Two days after the legislative election, Carrie Lam, Chief Executive of the HKSAR, was received first by Premier Li Keqiang and then by President Xi Jinping. The very fact of these meetings testified to Beijing’s satisfaction with the positive outcome of over a year’s worth of efforts to bring the situation in Hong Kong under control.

The editorial by the Global Times on the occasion of the Xi Jinping and Carrie Lam meeting hails, in particular, the end of the period of transition from chaos to stability, and the use of the city by the West, led by the United States, as a springboard for provoking a color revolution in China. It also says that during the meetings with the highest officials of China, Carrie Lam was given the task of “integrating the Chinese city into the national development plan.”

Note that the last words do not represent a political tirade but imply specific documents adopted during several events in 2021, which marked the 100th anniversary of the CCP. One of the more remarkable of said events was the sixth plenary session of the 19th Central Committee of the Communist Party of China, held a month before the Hong Kong election, which, as one of its major decisions, gave the current Chinese leader a qualitatively new role in the functioning of the state.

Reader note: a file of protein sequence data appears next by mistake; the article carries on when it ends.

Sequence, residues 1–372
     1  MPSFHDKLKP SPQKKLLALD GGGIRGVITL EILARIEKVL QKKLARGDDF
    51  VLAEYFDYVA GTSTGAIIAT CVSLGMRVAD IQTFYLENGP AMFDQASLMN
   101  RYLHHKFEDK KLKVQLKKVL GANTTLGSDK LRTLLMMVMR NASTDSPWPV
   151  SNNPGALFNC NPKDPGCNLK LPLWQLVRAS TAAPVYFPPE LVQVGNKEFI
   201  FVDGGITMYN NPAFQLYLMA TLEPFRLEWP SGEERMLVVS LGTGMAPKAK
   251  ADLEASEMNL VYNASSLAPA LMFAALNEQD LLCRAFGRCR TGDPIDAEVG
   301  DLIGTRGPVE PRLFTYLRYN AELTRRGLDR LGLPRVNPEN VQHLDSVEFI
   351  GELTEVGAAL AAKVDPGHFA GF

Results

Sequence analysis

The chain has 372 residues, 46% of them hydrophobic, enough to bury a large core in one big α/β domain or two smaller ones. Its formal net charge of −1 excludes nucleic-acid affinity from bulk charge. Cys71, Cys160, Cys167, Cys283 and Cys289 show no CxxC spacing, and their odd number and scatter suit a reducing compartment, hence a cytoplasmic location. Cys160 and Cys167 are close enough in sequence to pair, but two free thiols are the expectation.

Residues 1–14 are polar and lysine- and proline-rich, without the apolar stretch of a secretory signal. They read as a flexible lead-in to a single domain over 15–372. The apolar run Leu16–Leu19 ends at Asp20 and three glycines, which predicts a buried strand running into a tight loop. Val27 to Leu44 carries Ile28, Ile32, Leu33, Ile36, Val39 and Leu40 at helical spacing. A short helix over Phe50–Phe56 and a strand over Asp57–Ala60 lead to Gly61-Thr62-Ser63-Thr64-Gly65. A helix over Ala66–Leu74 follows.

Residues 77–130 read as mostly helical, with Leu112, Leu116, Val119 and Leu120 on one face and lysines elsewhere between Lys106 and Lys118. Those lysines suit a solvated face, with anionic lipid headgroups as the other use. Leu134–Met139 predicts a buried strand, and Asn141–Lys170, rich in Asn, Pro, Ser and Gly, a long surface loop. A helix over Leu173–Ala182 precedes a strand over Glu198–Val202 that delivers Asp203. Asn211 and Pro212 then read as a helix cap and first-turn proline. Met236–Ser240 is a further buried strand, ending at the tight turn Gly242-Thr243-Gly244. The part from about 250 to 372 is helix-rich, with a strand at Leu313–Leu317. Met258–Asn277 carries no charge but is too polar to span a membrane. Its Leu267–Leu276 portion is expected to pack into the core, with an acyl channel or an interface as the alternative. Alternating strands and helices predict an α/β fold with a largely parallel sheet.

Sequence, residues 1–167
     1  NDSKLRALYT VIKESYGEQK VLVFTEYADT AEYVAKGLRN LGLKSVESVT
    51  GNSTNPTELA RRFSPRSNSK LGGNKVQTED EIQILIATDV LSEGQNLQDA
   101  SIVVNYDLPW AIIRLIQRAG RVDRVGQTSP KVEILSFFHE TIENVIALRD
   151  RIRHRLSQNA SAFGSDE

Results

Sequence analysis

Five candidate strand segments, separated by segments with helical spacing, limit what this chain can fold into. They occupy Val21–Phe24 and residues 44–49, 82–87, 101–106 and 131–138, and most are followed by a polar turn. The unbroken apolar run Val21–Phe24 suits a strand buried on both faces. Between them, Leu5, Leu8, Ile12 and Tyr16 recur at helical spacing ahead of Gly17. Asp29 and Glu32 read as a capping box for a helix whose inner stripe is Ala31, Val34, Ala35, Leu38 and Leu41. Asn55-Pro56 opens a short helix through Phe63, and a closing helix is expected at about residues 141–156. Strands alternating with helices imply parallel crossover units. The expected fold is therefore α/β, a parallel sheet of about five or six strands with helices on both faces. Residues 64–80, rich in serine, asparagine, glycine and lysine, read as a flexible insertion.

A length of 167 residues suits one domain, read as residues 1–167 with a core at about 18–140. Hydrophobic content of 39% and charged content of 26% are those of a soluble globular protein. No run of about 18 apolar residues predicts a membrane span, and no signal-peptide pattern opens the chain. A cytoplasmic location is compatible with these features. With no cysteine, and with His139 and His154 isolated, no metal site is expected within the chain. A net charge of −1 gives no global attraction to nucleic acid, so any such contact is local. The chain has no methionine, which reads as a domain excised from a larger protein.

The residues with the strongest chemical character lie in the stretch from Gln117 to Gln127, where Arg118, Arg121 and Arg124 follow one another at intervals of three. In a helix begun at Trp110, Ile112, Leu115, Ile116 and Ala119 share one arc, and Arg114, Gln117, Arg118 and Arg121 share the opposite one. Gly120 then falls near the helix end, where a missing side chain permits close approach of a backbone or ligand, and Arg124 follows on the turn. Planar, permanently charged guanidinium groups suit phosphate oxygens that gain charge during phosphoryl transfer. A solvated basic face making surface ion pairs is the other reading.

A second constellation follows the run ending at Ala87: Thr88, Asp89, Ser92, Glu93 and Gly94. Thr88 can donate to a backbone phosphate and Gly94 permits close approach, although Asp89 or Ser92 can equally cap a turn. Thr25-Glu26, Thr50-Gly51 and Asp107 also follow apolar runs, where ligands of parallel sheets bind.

Beijing’s well-wishers’ reaction to the legislative election itself and everything accompanying it was entirely expected. BBC made a typical comment on this claiming that “China has formed a loyal Hong Kong parliament.”

But the matter was not limited to propaganda rhetoric. Based on the US legislative act passed in 2020, which, in particular, obliges the State Department to monitor the facts of China’s violation of the Sino-British Joint Declaration (which Washington has nothing to do with), sanctions were imposed immediately after the election regarding five officials of the Chinese Central People’s Government office in Hong Kong. Add these were far from the first sanctions, and not only concerning the situation in the HKSAR.

So, in relations between the two leading world powers, political life, as they say, continues to be in full swing for various reasons. The election to the Legislative Council of Hong Kong was just another such reason. Surely, not the last.

Vladimir Terekhov, expert on the issues of the Asia-Pacific region, exclusively for the online magazine “New Eastern Outlook”.